Histological abnormalities observed in MAM-exposed rats have been described in detail previously (Singh, 1977; Chevassus-au-Louis, 1998b;Colacitti et al., 1999; Baraban et al., 2000). All hippocampal slices used in the present study contained distinct clusters of displaced neurons (heterotopia) and loss of lamination (Fig.1 A). Neurons were selected for whole-cell voltage-clamp studies based on their location and morphology under direct IR-DIC visualization (Fig.1 B,C). Experimental data were obtained from hippocampal heterotopic pyramidal neurons (MAM). For comparison, control data were obtained from normotopic pyramidal neurons (e.g., pyramidal cells located within the normal CA1 laminar) and stratum radiatum interneurons (MAM), CA1 pyramidal neurons (control), and layer II/III supragranular neurons in cortical slices (control); these latter cells were chosen because they exhibit a molecular phenotype similar to heterotopic pyramidal neurons (Castro et al., 2002).
Inhibitory GABAergic synaptic currents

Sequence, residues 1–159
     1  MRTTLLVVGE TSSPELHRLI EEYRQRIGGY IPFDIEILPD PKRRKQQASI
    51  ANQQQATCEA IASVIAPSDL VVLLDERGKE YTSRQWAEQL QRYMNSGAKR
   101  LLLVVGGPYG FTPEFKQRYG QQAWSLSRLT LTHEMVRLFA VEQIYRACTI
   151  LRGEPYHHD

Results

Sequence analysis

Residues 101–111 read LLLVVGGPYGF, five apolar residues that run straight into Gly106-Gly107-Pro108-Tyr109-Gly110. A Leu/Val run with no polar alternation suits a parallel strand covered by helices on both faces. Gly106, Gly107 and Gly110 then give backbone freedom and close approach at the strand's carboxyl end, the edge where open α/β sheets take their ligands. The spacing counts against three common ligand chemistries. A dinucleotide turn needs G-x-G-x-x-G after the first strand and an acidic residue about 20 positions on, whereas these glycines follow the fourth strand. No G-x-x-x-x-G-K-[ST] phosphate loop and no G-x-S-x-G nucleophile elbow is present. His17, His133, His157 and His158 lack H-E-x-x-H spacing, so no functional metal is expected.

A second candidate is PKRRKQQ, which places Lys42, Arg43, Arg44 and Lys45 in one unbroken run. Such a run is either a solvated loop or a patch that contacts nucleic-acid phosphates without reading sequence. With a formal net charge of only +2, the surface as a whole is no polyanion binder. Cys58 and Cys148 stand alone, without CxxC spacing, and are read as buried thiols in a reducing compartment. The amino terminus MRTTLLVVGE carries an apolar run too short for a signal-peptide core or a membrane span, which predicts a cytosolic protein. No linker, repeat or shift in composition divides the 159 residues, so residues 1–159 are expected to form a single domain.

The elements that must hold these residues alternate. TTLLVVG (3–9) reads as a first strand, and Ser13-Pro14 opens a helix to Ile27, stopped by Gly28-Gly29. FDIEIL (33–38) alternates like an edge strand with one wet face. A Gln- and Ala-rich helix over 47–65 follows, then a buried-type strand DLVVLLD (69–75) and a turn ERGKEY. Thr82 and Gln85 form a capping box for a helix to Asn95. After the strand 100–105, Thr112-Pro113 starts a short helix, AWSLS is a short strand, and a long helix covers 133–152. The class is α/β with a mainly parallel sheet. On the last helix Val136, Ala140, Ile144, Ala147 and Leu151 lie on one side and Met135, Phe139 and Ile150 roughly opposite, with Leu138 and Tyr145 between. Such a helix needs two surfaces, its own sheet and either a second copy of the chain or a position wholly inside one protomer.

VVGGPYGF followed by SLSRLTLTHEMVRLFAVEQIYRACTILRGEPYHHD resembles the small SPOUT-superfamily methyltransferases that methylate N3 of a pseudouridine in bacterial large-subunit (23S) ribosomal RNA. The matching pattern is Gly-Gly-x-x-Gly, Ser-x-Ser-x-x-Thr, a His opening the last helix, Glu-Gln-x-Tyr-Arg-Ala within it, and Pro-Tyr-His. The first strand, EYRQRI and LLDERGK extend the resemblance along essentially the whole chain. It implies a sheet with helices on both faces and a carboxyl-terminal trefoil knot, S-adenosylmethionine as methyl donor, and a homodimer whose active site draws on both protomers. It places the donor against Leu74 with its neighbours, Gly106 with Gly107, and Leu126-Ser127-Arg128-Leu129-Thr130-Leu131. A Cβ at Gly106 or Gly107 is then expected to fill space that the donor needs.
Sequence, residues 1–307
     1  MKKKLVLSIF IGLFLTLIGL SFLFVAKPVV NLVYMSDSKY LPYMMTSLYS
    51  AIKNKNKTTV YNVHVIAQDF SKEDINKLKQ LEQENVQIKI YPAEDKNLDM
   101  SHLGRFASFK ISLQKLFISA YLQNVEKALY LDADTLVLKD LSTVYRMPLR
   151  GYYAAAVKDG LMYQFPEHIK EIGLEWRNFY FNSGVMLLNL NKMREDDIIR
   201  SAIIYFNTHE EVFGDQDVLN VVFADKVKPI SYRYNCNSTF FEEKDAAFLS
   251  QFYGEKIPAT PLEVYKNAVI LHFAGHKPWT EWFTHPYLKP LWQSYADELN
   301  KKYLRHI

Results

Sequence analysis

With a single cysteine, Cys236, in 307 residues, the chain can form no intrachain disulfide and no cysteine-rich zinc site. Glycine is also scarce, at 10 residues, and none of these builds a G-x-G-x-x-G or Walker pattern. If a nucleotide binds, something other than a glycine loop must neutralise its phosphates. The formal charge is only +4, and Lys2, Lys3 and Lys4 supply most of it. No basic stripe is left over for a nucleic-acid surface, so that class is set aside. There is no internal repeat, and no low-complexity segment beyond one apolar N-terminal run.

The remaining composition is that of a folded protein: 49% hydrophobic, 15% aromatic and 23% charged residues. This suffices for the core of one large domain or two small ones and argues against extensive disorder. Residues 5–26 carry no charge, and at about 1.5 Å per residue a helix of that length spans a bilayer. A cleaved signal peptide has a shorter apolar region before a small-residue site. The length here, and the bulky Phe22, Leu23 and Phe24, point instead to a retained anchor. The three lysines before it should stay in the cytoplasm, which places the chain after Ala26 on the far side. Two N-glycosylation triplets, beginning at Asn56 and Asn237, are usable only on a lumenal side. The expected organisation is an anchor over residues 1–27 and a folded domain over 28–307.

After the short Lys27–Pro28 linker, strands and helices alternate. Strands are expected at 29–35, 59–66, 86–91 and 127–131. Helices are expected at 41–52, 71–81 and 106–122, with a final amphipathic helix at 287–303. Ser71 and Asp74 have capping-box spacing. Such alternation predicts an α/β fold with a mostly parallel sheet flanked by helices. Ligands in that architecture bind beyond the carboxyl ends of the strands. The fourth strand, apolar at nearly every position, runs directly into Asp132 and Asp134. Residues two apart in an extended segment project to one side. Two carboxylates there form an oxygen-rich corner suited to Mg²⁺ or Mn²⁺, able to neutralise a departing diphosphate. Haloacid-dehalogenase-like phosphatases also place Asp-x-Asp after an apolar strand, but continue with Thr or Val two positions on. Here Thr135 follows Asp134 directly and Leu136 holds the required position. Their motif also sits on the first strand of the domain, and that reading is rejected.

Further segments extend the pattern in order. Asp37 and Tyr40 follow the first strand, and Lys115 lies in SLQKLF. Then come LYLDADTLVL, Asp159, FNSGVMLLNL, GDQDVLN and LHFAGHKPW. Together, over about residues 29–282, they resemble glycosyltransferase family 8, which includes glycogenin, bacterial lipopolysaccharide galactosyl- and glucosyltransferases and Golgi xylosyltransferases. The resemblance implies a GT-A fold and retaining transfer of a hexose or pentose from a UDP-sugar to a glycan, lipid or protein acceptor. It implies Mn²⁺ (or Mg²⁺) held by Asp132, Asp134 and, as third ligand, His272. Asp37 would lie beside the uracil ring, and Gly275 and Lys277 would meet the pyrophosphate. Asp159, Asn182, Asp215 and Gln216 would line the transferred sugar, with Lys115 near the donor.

Altered GABA-mediated synaptic inhibition is a common feature in animal models of temporal lobe and malformation-associated epilepsy (Sloviter, 1991; Mangan and Lothman, 1996; Prince and Jacobs, 1998; Zhu and Roper, 2000; Coulter, 2001). To investigate GABAergic function at heterotopic synapses, whole-cell IPSCs were obtained from visually identified neurons in hippocampal slices from age-matched MAM-exposed and control rats. Monosynaptic eIPSCs were elicited in bathing medium supplemented with excitatory amino acid receptor blockers (50 μm d-APV and 20 μm CNQX). For each cell, stimulus amplitudes were increased in intensity until a maximum response was obtained. In some experiments, 10 μmBMI was added to the bathing medium, completely inhibiting the eIPSC (n = 45) and verifying the involvement of GABAA receptors. At a holding potential of 0 mV, evoked IPSCs displayed a fast-onset outward current with a small delay (5–7 msec) after the stimulation for all cell types (Fig.2). Representative examples of averaged eIPSC responses from CA1 pyramidal, normotopic pyramidal, and heterotopic pyramidal interneurons and layer II/III supragranular neurons are shown in Figure 2 A. Analysis of eIPSCs revealed a significantly longer decay time for heterotopic pyramidal neurons (MAM) compared with all other cell types (ANOVA;p < 0.05) (Fig. 2 A–C).